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Friday, January 13, 2012

Solar Power Issues



Surely no one will accept such type of electricity, which is available only in daytime and usually on clear days only. For such situation we need electricity storage devices (batteries). But sad to say, that batteries add a lot of cost and maintenance to the PV system. Anyhow currently, it’s a necessity if you want to be completely independent. One solution to this problem is to connect your house to the utility grid, buying power when you need it and selling to them when you produce more than your need. In this way the utility acts as a practically infinite storage system. Of course in most cases the utility have to agree to buy power from you at a much lower price than their own selling price.  You will need special equipment to make sure that power you sell to your utility is occurring at the same time as theirs means that it shares same sinusoidal waveform and frequency. For that safety is basic issue also, the utility has to make sure that if there’s a power outage in your neighborhood, your PV system wont try to feed electricity into line that lineman may think is dead. That is called islanding.

If you decided to use the batteries then keep in mind that batteries should be maintained and also replaced after certain number of years. Usually PV modules lost for 20 years or more while batteries don’t have such long useful life. Batteries in PV systems can be very dangerous because of the energy they store and the acidic electrolytes they contain, so for that you will need a well-ventilated, non-metallic enclosure for them.

Though there are different types of batteries are used but one common characteristic is all batteries is that they are all deep cycle batteries. While a car battery is a shallow cycle battery, deep cycle batteries can discharge more of their stored energy while still maintaining long life. While car batteries discharge a large current for a very short time only for starting up your car and they are immediately recharged also when you drive. A PV battery has to discharge a smaller current for long period (during night), and gets charged then in daytime.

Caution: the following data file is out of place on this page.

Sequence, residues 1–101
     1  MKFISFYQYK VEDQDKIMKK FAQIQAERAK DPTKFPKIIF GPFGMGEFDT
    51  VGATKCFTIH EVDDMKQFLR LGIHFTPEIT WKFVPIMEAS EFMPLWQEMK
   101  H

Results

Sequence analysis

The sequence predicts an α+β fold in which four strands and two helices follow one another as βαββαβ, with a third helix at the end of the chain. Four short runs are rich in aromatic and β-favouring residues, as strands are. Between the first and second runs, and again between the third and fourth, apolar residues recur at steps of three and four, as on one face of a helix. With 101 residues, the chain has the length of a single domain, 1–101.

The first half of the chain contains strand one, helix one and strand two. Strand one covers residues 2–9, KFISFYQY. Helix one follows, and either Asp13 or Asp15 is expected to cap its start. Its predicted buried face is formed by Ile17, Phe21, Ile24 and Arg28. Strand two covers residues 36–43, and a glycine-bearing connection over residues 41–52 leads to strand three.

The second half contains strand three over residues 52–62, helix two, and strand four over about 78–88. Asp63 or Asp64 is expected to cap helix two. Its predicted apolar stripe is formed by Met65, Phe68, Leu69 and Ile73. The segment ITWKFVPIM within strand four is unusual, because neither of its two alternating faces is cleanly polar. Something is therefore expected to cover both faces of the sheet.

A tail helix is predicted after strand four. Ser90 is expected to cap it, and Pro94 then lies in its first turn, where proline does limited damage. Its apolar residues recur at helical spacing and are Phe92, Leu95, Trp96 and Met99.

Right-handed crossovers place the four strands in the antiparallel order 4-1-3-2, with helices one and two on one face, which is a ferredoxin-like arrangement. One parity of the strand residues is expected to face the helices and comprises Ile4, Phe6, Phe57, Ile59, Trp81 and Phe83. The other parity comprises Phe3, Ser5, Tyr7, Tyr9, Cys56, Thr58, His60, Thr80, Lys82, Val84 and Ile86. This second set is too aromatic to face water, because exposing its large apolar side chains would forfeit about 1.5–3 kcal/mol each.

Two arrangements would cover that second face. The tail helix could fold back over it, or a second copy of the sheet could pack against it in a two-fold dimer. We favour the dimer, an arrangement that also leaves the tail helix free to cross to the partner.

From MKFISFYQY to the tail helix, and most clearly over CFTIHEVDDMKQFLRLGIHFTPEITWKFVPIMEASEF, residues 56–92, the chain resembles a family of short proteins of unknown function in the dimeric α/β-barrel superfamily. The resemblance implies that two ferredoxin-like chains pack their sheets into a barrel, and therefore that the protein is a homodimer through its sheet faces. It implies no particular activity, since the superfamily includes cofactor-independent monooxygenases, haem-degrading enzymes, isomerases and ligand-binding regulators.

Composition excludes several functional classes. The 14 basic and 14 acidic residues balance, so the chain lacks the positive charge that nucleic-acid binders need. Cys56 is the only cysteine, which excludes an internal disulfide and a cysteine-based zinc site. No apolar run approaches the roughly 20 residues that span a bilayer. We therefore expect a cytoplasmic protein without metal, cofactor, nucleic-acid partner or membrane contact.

The most commonly used deep cycle batteries are lead acid batteries and nickel cadmium batteries. Nickel cadmium batteries are more expensive but with long durability and can be discharged more completely without harm. Deep cycle lead acid batteries can’t be discharged 100% without seriously shortening battery life and PV systems are generally designed to discharge lead acid batteries no more than 40% or 50%.

To use the batteries another component Charge controller is required to be installed also. Proper caring can enhance batteries life, so that they aren’t over discharged or drained too much. That is the basic function of a charge controller. When the batteries will be fully charged then the charge controller wont let the current from the PV modules continue to flow into them. Same like that when the batteries have been drained to a certain predetermined level, controlled by measuring battery voltage, many charge controllers will not allow more current to be drained from the batteries until they have been recharged. For long battery life charge controller use is so much essential.

Another problem aside from energy storage is that the electricity generated by our PV modules, and extracted by our batteries if we choose to use them, is not the form that’s used by the electrical appliances in our home. The solar system generates the direct current while the electricity supplied to our utility is alternating current. For that an inverter is needed, a device that converts DC to AC. Large inverters can automatically control how your system works.

Some PV modules that are called AC modules are having built in inverter already benefit of that AC module is that it helps to simplify wiring issues.

Now throw in the mounting hardware, wiring, junction boxes, grounding equipment, over current protection, DC and AC disconnects and other accessories and you have yourself a system. It’s highly recommended that the electrical codes must be followed and a licensed electrician who has the experience with PV systems will do the installation. After installation of a PV system it needs a very little maintenance and will provide electricity cleanly and quietly for 20 years or more.

1 comments:

  1. Great writing post! Very helpful blog.Thanks for share this... installers

    ReplyDelete